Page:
Might NASCAR’s Carl Edwards have a future — in the NFL?

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So if this whole NASCAR thing doesn’t work out – and don’t forget he IS in the final season of his existing contract with Roush Fenway Racing – maybe Carl Edwards has a future in the NFL.

In yet another attempt to prove to naysayers that NASCAR drivers are indeed full-fledged athletes, Edwards recently went through a simulated NFL-style combine to show his athletic prowess.

In a final tuneup before the start of the 2014 NASCAR season, Edwards worked out at Velocity Sports Performance in Bristol, Tenn., in front of former University of Tennessee and national champion head football coach Phil Fulmer and current East Tennessee State head coach Carl Torbush.

Edwards went through a number of skill tests that measured elements including agility, quickness and flexibility. In addition, he went through a number of drills involving passing, pass defense and blocking.

Even though Edwards’ height and buff upper body might make him a great candidate for a wide receiver, Fullmer and Torbush thought he was a natural at another position.

“I learned a little bit about being a defensive back,” Edwards said. “I realized as these guys talked to me that the sport of football is very technical – just like racing. You have to work on it for years to get better.”

Fullmer and Torbush were impressed by Edwards’ natural athletic talent. He handled everything thrown at him with aplomb, leading the coaches to half-jokingly/half-seriously suggest that maybe Edwards should declare himself eligible for April’s NFL Draft.

At 34, Edwards would be an old NFL rookie. But being one of the most fit and in-shape drivers in the NASCAR garage, Edwards has speed not just in his race car, but in his two legs.

The biggest question mark, though, is we already know what he can do going forward in a Sprint Cup car. But how would he do backpedaling against some pretty swift – and younger – NFL wide receivers?

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Josef Newgarden dominates from pole to win KOHLER Grand Prix at Road America

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There’s a reason why Josef Newgarden calls Road America his favorite racetrack – and he showed why Sunday, dominating to victory in the KOHLER Grand Prix at Road America in Elkhart Lake, Wisc.

Newgarden led all but two laps from the pole and was in a class of his own throughout the 55-lap caution-free race on the 4.048-mile, 14-turn road course in central Wisconsin, defeating runner-up Ryan Hunter-Reay by 3.3759 seconds.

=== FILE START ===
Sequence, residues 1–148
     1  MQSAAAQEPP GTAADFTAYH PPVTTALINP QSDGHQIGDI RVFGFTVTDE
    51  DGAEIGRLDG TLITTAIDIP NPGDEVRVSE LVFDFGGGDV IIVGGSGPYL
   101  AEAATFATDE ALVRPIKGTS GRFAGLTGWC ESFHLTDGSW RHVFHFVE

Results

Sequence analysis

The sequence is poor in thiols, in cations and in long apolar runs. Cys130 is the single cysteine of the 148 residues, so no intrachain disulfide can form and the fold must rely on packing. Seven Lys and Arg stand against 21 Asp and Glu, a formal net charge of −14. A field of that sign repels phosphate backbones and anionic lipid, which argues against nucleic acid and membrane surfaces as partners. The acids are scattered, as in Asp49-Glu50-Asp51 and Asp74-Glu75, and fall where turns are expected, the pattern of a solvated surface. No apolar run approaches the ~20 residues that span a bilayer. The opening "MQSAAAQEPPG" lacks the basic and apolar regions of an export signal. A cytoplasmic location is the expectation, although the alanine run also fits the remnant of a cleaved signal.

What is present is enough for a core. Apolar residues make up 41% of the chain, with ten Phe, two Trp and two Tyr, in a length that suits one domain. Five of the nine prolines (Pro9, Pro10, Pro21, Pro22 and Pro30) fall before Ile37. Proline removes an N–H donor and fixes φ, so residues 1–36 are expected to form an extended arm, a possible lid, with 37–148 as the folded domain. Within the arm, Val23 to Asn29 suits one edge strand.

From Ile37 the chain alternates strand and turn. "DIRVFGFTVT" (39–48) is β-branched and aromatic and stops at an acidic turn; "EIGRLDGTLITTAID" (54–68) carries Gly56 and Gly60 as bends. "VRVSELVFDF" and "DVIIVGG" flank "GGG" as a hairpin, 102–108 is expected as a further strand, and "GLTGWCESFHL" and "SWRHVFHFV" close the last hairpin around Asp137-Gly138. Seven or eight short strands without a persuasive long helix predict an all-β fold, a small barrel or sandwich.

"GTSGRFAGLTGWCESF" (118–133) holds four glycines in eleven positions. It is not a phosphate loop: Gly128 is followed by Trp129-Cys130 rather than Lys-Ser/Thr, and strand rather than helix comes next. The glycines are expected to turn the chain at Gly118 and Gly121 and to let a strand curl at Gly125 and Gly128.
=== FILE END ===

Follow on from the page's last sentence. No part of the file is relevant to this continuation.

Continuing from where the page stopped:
“(I wanted this one) really bad,” Newgarden told NBCSN in victory lane. “I wanted to win here since last year. This car has been a rocket all weekend. It wasn’t easy. Ryan was very quick and I knew Dixon was right behind him, so we were working for it the entire race.

“I kind of knew what I had to do, but it was a lot of work. Ryan was really pushing me. It’s good to get a win. It doesn’t matter what car, as long as it’s Team Penske.”

It was Newgarden’s series-leading third win of the season in the first 10 races (also won at ISM Raceway in Phoenix and Barber Motorsports Park in Birmingham, Alabama), pushing him past Team Penske teammate and Indy 500 winner Will Power and Scott Dixon, who both have two wins in the 2018 campaign.

“I was hoping to make it more interesting for the fans here at Road American and on TV,” Hunter-Reay said. “The last two stints, when he put on used red and I had blacks, he was really hooked up. … I was pushing 110 percent, that’s for sure.

“Unfortunately, I just couldn’t catch up to Josef. I was able to close up the gap a little bit here and there, but not like I was early in the race. He found his own way for sure. Definitely, the clean air out front helps, but hats off to him: he had a great race and deserves the win.”

Dixon finished third, followed by Takuma Sato, Robert Wickens, Graham Rahal, Simon Pagenaud, Spencer Pigot (his best finish of the season), Ed Jones and James Hinchcliffe.

Dixon (393 points) maintains the Verizon IndyCar Series points lead, Hunter-Reay (348) moved up two spots to second place, Alexander Rossi (tied with Hunter-Reay for second at 348) dropped one spot to third, Newgarden (343) climbed one spot to fourth and Will Power (328) dropped two spots to fifth in the standings.

“It’s so tight … so tough,” Dixon said. “The Verizon IndyCar Series, right now, the competition is through the roof. To get a podium these days is tough enough, yet to get a win. But we’ll keep pushing and see what we get.”

There was action right from the opening lap, including misfortune for Indianapolis 500 winner Will Power, who suffered engine issues that sent him to the pits after the opening lap.

After trying to work on his car in the pits, Power’s team pushed it back to the paddock to attempt further repairs, but those efforts failed and the car was retired.

Power was third in the IndyCar points standings coming into the race, 36 points behind series leader Scott Dixon. He finished last (23rd) in Sunday’s race and will likely drop to fifth in the standings.

“They replaced the exhaust, and it just blew straight back out,” Power told NBCSN’s Marty Snider. “So, there’s obviously something going on in there that’s gone wrong.

“I feel bad for all the guys. It’s just one of those things, you know – you’ll get that every now and then at some point. No good, but we’ll move on to the next one.”

Also, 2016 Indy 500 winner Alexander Rossi had an issue with what appeared to be brakes- or suspension-related that resulted in a lengthy pit stop after 38 laps. Rossi finished 16th in the 23-car field.

“Hugely disappointing,” Rossi told NBCSN. “It was good enough for fourth … but I guess it just wasn’t meant to be.”

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